Ezekiel received his prophetic commission from the Lord more than two-and-half millennia ago. Since the prophetic office has long since ceased, what possible value could there be in dredging up such an ancient situation? The answer lies in the fact that it reveals the way the Lord always deals with His people—whether Israel or the church. One verse suggests three very important elements in those dealings: “Son of man, I have made thee a watchman unto the house of Israel: therefore hear the word at my mouth, and give them warning from me” (Ezk. 3:17).
“I have made thee a watchman unto the house of Israel.” Every believer is called upon to be sober and vigilant: it is part of our responsibility as saints. A parent must be a watchman for his children; the elder for the younger, and every one of us for every other one. But in addition to the universal responsibility to watch given to all, God raises up watchman wherever He gathers His people. Pastors, of course, hold this primary duty. Is it not odd that we value watchman in public and civil arenas—soldiers, police officers, etc.--but seem often to resent them in our personal and private affairs? Yet it is a signal evidence of the loving faithfulness of the Lord that He calls and equips saints to alert us to the dangers intended to cause us spiritual harm. As wonderful as it is to have people dedicated to protecting our physical lives and personal property, how much more valuable is it to have those who watch for our souls? So far from resenting their ministry, we should thank God for those who perform this difficult and often thankless task and embrace their ministry in our lives.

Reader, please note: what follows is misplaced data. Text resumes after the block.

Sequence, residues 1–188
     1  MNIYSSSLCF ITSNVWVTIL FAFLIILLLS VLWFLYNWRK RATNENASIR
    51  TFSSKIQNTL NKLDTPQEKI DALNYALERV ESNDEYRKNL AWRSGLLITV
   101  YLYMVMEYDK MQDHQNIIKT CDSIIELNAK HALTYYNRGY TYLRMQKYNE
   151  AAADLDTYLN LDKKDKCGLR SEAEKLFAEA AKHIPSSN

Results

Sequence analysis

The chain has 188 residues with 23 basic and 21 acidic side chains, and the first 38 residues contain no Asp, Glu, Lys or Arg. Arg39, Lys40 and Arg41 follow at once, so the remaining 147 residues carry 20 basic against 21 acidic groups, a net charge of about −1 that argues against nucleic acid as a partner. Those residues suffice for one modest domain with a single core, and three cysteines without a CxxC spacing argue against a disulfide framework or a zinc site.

“Therefore hear the word at my mouth.” A natural watchman’s first duty is visual: he must use his eyes to search out danger or potential problems. But the first duty of a spiritual watchman is auditory: he must be attentive to the voice of the Lord. Spiritual danger is first recognized by those who have their ears and hearts attuned to the Word of God. Anything, whether internal or external to the flock that sounds a discordant note with the Word of God must be searched out, examined in the light of the Word, and judged in accord with the revealed will of God. A faithful watchman, then, is not one who says and does what he thinks his congregation wants but that which the Word of God sets forth as objective truth. He believes the Bible to be truth from the mouth of God, absolutely authoritative, and essential to eternal life and temporal security and victory.
“And give them warning from me.” As adults and “free moral agents,” we have a tendency to resist interference in our personal lives. But it is the God-ordained responsibility of watchman to warn those he has been commissioned to serve. “All’s well” may ring comfortably in our ears. But the faithful watchman will not proclaim such words when he perceives the truth to be otherwise, nor will a wise believer want him to do so. We should be thankful for a word of warning from the watchman of God because it is intended for our blessing and, if heeded, will surely deliver us from some danger, whether that be from some attitude or action we take on our own or one that is directed against us. Warnings are like heavenly STOP signs given by our loving God in order to prevent us from coming to harm. But unlike the natural ones, which we may get away with ignoring on occasion, every one of God’s warnings that we ignore involves us in a spiritual accident. To ignore a God-ordained watchman is to ignore God; we cannot do that with impunity. We must heed our pastors with submissive, thankful hearts, knowing that in watching for our souls, they are doing the work of our faithful, gracious, loving Lord.
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